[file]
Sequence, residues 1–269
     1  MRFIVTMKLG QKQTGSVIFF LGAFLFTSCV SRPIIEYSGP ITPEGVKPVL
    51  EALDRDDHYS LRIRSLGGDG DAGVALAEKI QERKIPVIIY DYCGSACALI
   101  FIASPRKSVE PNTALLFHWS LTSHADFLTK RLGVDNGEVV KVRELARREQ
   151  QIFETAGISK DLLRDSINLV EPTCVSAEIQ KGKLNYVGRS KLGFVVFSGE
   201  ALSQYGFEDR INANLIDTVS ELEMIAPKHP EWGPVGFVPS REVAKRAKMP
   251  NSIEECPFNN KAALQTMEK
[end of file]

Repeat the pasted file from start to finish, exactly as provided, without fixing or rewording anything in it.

Sequence, residues 1–269
     1  MRFIVTMKLG QKQTGSVIFF LGAFLFTSCV SRPIIEYSGP ITPEGVKPVL
    51  EALDRDDHYS LRIRSLGGDG DAGVALAEKI QERKIPVIIY DYCGSACALI
   101  FIASPRKSVE PNTALLFHWS LTSHADFLTK RLGVDNGEVV KVRELARREQ
   151  QIFETAGISK DLLRDSINLV EPTCVSAEIQ KGKLNYVGRS KLGFVVFSGE
   201  ALSQYGFEDR INANLIDTVS ELEMIAPKHP EWGPVGFVPS REVAKRAKMP
   251  NSIEECPFNN KAALQTMEK